If you’ve ever been sleep-deprived for any length of time, you likely realize just how important sleep is to your mental and physical health and wellbeing. Consistent inability to sleep well can lead to issues with your heart health, immune system, energy levels, weight, job performance, family life, relationships, and mental health and can prove incredibly damaging over time. Thankfully, there are a few simple steps that you can follow to help get your sleep back on track and take control of your nights as well as your days.
Step 1: Get on and stick to a sleep schedule
If you don’t already have a consistent sleep schedule that you follow, there is no time like the present to change this. Following a set bedtime and wake-up time is one of the first and best things you can do to improve the quality of your sleep, get your body into a natural rhythm, and stop dreading being jolted awake by your alarm clock every morning. Keep in mind, the average adult needs 7-9 hours of sleep to function properly. Over time, your body will begin to wake up on its own and you will be refreshed and ready to start the day. This means no going to bed late and sleeping in on the weekends. Even though it may feel good at the moment, you aren’t doing yourself any favors in the long run.
Step 2: Create a bedtime routine
After you’ve established a sleep schedule and are sticking to it, start to create a relaxing, repetitive bedtime routine that will indicate to your brain and body that it is getting close to time to sleep. Obviously, you may have some variety in your evenings, depending on your work and home life situation, but it is still possible to select a few actions that can help your mind calm down and unwind. Journaling, taking a warm bath, drinking a cup of chamomile tea, turning on an essential oil diffuser or soothing music, turning down the lights, putting away electronics, stretching, and reading are all great ways to focus on sleep and release the stress of the day. Try incorporating one or all of these, depending on how complex you want your bedtime routine, and after a few weeks, you’ll realize that you start to feel sleepy and more relaxed as soon as you start going through the motions.
Step 3: Cultivate a quality sleep environment
If you live in the city where streetlights shine into your bedroom or you are woken up too early by the morning sun, install blackout curtains in your bedroom, as light can interrupt your circadian rhythm and throw off your sleep habits. Make sure that you keep the temperature at a comfortable 60-67 degrees (the best temperature for sleeping). Sound can also be an issue. Use white noise, a fan, or nature sounds to block out irritating noises, if desired.
When is the last time you even thought about your mattress or your pillow? Just how long have you had that same set of sheets? Though it may not seem that critical, having quality bedding is one of the most essential steps towards creating a quality sleep environment that allows you to fall asleep easier and stay asleep longer without midnight insomnia. Invest some money into a toxin-free mattress and pillow that fit your unique sleeping needs (be sure to test them out), and get quality bamboo or organic cotton sheets that feel good against your skin.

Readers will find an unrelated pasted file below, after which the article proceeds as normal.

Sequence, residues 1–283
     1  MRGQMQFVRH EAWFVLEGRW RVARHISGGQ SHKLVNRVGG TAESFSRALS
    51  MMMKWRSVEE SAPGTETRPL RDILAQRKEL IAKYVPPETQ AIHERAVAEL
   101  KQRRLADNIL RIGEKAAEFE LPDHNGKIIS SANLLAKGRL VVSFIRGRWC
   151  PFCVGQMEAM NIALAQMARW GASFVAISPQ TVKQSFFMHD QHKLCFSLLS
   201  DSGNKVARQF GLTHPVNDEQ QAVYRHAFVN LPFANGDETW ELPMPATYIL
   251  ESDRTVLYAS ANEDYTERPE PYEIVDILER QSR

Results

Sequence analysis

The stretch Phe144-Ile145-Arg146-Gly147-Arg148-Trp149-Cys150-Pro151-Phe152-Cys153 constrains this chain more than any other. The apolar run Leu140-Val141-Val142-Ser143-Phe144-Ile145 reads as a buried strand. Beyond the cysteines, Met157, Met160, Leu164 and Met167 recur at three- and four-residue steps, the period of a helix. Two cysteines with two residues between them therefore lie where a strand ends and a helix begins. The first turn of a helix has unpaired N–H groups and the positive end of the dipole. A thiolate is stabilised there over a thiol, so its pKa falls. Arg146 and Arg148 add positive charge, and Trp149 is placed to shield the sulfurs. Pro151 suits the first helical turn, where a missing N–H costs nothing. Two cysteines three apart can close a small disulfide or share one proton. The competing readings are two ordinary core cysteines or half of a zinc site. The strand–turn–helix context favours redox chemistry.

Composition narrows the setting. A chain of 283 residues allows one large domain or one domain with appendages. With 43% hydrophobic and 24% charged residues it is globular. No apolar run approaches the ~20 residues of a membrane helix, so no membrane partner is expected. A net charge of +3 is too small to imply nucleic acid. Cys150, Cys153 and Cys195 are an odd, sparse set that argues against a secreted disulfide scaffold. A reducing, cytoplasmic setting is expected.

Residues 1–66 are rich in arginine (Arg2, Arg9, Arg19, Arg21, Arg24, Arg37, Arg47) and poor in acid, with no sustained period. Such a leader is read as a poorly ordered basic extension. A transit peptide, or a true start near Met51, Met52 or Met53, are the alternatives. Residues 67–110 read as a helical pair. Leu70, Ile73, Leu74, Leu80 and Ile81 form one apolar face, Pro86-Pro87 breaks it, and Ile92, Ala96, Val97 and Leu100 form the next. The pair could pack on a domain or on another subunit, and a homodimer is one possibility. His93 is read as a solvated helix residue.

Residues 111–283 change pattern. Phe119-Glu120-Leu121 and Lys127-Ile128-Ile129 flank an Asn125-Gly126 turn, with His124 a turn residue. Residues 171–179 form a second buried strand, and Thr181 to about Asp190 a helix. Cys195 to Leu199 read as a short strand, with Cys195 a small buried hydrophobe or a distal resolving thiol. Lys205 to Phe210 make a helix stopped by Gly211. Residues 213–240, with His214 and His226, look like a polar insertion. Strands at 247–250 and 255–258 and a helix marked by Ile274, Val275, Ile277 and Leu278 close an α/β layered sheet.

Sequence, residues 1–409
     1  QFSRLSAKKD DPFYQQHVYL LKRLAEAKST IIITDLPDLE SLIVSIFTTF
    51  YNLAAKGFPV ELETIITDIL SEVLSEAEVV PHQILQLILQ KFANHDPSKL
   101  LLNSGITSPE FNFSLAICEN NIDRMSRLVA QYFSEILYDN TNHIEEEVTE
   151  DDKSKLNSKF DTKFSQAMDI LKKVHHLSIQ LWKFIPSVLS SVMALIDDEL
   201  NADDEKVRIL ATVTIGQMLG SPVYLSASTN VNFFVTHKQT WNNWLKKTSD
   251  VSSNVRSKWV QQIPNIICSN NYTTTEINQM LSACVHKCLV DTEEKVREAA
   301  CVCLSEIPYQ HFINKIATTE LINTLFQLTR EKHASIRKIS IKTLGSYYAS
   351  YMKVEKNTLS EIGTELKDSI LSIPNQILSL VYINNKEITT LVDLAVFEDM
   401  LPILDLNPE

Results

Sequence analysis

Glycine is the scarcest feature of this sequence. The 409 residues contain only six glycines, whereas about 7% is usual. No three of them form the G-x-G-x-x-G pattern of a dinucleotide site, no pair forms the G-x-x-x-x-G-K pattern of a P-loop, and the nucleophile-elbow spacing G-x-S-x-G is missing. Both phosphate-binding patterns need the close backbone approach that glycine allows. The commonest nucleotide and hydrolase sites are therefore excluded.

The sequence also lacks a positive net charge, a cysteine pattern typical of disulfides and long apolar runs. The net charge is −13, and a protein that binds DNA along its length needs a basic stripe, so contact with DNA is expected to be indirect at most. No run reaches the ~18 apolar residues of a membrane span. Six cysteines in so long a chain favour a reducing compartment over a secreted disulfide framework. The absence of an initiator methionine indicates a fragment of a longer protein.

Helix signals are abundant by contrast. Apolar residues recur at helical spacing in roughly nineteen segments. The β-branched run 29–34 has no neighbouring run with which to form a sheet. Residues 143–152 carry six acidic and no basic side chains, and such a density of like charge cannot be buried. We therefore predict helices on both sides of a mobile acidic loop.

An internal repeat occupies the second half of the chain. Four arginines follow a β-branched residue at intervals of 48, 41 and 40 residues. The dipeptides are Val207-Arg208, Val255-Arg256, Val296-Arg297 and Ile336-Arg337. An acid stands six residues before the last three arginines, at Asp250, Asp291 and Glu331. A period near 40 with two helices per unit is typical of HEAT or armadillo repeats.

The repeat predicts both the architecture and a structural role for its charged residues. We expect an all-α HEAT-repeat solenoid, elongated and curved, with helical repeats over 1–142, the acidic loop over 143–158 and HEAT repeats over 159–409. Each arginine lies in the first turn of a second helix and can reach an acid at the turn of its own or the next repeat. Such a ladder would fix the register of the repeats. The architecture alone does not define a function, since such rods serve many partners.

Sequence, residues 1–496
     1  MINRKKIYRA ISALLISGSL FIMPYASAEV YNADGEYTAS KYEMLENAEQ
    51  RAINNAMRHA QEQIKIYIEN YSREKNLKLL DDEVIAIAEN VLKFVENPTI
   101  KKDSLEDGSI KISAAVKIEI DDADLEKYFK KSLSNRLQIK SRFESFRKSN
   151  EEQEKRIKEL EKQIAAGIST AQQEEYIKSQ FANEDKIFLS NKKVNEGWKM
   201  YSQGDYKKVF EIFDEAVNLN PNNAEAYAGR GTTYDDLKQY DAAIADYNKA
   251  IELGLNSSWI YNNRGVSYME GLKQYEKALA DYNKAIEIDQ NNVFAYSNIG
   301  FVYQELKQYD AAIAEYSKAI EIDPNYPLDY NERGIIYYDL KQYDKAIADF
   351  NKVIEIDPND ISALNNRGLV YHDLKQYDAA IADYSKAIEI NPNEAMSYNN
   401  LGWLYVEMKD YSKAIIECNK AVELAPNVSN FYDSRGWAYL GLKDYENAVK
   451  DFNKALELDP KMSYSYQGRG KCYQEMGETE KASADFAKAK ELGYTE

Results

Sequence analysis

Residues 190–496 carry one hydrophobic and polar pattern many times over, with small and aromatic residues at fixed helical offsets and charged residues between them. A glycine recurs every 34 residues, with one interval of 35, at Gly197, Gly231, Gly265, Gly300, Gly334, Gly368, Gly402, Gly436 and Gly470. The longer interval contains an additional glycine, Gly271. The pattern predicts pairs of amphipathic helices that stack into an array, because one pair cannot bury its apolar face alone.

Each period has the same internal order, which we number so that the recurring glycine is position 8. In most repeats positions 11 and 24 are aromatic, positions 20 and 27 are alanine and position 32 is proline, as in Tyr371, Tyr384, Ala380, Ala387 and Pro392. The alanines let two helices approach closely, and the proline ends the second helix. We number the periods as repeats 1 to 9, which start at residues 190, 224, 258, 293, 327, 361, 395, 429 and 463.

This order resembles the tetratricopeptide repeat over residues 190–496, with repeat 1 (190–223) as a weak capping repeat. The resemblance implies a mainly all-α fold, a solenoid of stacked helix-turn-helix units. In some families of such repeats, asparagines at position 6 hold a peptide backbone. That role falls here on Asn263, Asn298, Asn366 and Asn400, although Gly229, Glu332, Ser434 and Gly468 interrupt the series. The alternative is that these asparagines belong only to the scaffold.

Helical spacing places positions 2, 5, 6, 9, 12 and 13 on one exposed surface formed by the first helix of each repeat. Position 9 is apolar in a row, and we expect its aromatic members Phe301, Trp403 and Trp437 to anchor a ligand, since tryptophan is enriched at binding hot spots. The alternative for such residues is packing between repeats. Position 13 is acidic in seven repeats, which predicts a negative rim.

Take a look around the room and count how many electronics you have. Do you have a tv in your bedroom, a computer? Where do you plug in your phone? The bedroom should really just be for two things. Sleep and sex. If you tend to lay in bed scrolling on your phone or aimlessly watch tv while you try to fall asleep, you are exposing yourself to potentially harmful blue light that could be disrupting the natural production of melatonin in your body and keeping you from that elusive good night’s sleep. Plus, your body no longer associates the bed with sleep. Try removing the tv, charging your phone in the living room (use an analog alarm clock if you can), and detoxing from nighttime electronics.
Step 4: Start thinking about sleep early in the day
Though it may sound strange to say that you should start thinking about sleep as soon as you wake up, it is actually good practice. Your daily activities can keep you tossing and turning through the night so make sleep a priority during the day. Monitor your caffeine intake and stop drinking coffee around 2 pm or earlier if you are sensitive to the simulation and avoid alcohol close to bedtime as it can affect the brain and lower sleep quality. Though it may be difficult, especially if you are limiting caffeine intake, try to avoid that afternoon nap. Even if you only nap for 20 minutes, you may end up throwing off your sleep schedule and affecting your ability to fall asleep.
Step 5: Follow a healthy lifestyle
Get out and see the sun to help maintain that circadian rhythm and give you a much-needed dose of sunlight therapy. Be sure to incorporate heart-pumping exercise into your day to get your blood flowing and ensure that you’re actually tired when you are ready for bed. Keep in mind, most experts suggest staying away from vigorous activity at least one hour before bed.
We’re all guilty of wanting the occasional midnight snack, but try not to go to bed incredibly full as the process of digestion can keep you up and disrupt your sleep through the night. Eat real, whole foods and grains, avoid processed foods when possible, and drink lots of water (just not right before bed). Focus on what makes you feel better and your sense of wellbeing will spread to every area of your life…including your sleep.
Remember, the occasional restless night or bout of insomnia is totally normal and simply part of the human sleep experience; however, if you regularly have trouble falling and staying asleep, you may want to consult with your doctor about other issues that may be keeping you awake.
-The Backyard Garden Team